“They can’t compete with California on ocean freight.”

In one scenario, Hoyt suggested a premium export alfalfa hay price range of $205-215/ton for Washington growers. But this could vary depending on the California market.

In central Arizona, growers have already contracted the first two cuttings of alfalfa hay for $225/ton fob with a “short-haul” to dairies. “I think we’ll see the market in central Arizona a little lower than in the Imperial Valley and Blythe. In the Poston-Parker area, you could see top alfalfa hay bringing in the $230- to $250-fob range, possibly $240-250 early from California buyers until there is “more hay in the pipeline.”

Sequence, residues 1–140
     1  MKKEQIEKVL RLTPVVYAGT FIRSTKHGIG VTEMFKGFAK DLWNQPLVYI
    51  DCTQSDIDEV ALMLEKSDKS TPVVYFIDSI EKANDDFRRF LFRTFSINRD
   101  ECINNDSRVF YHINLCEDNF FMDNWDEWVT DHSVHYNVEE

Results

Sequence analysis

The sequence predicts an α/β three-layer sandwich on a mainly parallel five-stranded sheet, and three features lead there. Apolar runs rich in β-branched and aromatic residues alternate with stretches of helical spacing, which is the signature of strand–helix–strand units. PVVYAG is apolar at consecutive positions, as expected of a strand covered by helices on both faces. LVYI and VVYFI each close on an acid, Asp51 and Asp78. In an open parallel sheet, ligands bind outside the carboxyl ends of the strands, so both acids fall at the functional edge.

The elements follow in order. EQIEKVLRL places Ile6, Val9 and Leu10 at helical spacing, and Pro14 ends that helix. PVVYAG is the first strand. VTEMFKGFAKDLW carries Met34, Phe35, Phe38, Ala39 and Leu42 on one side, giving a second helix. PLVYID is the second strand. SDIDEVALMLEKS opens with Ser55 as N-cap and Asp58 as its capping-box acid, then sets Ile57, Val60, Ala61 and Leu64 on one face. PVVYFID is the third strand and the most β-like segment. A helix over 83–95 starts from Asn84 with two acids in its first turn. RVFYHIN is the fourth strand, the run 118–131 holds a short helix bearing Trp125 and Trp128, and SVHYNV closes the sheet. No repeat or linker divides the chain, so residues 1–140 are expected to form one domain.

Alfalfa hay acres look to be down in California overall, but up by 10,000 acres between the Imperial Valley and Blythe areas, he said. Alfalfa acres could increase in Arizona, stay the same or increase slightly in Idaho, be unchanged in Utah and Nevada and stay the same or decrease in Washington.

Corn silage acres aren’t likely to take up the slack, Hoyt said. From 2012 to 2013, corn silage acres decreased in California by 10,000 acres. “We’ve lost 50,000 acres of corn silage in the last two years mainly because of the strong corn-for-grain market.” This year, the low water supplies will keep corn silage acres down, he added.

“It’s the same situation in Idaho. They were down 5,000 acres last year, and they’ve fighting drought as well, although they did receive good rains and snow last week.”